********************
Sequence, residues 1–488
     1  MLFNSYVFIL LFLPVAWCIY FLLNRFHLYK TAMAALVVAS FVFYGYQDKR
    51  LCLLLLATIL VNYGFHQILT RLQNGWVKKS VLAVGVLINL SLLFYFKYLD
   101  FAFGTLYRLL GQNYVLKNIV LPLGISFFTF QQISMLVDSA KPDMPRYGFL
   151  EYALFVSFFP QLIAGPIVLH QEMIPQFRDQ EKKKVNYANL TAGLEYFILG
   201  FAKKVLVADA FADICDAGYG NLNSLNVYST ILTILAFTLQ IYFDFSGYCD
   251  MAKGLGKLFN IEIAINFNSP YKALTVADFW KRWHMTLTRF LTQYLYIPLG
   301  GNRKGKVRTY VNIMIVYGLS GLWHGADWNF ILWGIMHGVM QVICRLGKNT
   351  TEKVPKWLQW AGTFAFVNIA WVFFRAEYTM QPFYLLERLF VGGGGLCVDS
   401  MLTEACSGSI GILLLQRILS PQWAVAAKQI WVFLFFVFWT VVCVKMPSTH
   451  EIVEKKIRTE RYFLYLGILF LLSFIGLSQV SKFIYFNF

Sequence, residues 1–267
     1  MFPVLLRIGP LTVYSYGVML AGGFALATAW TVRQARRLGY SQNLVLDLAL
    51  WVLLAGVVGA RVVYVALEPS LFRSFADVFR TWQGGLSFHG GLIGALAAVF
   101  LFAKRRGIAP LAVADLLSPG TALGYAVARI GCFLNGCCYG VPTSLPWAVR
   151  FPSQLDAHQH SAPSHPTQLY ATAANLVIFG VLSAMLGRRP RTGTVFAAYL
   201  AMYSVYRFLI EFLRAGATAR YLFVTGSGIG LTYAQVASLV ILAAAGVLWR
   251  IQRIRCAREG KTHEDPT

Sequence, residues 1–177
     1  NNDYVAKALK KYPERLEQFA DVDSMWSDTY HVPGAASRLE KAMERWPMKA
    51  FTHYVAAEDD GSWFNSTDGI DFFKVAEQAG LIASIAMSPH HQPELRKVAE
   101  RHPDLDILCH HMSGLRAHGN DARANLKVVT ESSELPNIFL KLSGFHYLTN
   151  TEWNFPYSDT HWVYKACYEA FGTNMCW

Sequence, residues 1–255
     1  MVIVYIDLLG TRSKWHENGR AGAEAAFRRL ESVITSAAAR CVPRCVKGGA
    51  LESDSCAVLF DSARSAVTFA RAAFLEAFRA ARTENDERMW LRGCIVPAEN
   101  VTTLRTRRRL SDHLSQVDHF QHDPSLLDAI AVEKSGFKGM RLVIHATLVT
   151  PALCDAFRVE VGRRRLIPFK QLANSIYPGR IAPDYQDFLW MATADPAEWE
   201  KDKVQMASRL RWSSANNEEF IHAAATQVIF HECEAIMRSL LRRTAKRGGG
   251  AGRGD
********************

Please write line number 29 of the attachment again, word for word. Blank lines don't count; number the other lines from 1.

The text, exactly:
   201  KDKVQMASRL RWSSANNEEF IHAAATQVIF HECEAIMRSL LRRTAKRGGG